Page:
I often have some code like this on the beginning of every function of a decompiled program:

iVar1 = 0x42;
  puVar2 = local_10c;
  while (iVar1 != 0) {
    iVar1 = iVar1 + -1;
    *puVar2 = 0xcccccccc;
    puVar2 = puVar2 + 1;

0xcccccccc in web search seems related to "uninitialized memory" but I don't see the link with this blanket code.

What is it? What purpose does it have? Why is it there as "template" for every function?


2 Answers 2


0xCC stands for int 3 in x86 architecture, that is a special interrupt used to implement software breakpoint by debuggers.

So, this code sets the memory to int 3 interrupts for debugging purposes. Imagine that the code accidentally jumps to some random location. If some garbage bytes are there, the behaviour is undefined.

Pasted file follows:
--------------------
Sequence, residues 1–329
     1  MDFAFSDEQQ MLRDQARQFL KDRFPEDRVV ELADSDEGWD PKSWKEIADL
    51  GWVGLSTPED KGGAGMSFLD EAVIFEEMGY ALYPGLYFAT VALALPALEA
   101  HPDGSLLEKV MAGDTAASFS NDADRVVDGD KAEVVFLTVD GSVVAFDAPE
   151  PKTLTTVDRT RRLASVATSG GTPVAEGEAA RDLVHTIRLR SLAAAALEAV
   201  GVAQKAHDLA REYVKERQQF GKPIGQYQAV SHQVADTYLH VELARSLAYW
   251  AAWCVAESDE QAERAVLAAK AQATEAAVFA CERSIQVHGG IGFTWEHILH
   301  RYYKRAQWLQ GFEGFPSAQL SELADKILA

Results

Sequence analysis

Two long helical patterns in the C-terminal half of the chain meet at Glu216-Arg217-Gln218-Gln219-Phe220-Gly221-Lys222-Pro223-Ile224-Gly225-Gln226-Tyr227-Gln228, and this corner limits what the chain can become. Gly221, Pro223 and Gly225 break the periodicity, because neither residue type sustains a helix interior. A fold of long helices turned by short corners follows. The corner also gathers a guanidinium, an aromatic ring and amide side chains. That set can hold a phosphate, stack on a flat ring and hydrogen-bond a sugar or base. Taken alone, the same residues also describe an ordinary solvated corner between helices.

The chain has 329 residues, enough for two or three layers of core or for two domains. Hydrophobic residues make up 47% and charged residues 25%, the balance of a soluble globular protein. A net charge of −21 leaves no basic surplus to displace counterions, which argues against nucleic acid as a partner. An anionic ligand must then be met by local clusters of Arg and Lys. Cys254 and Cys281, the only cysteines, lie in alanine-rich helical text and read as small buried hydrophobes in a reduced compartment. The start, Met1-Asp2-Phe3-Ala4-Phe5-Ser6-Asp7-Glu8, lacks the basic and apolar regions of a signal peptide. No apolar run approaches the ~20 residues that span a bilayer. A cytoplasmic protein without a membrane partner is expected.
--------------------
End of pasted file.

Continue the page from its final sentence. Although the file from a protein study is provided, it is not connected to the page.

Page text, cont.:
However, in case where such a jump accesses int 3 instruction, it will just cause software breakpoint in the debugger thus preventing udefined behaviour from happening and showing you that some strange jump happened and stopping the execution at this point, exectly as in the case you set a breakpoint there.

Note: Moving 0xCCCCCCCC just sets 4 contiguous bytes to 0xCC.


This is probably code compiled by Visual C++ in debug build setting. In such case, the compiler generates code which fills all stack variables with the byte 0xCC, so that any uninitialized value is clearly visible during debugging. See also https://stackoverflow.com/a/11865164

  • It's worth mentioning that int 3 invokes a software breakpoint, while the answer you gave a link to says that it invokes a hardware one.
    – bart1e
    Jun 16, 2019 at 12:59

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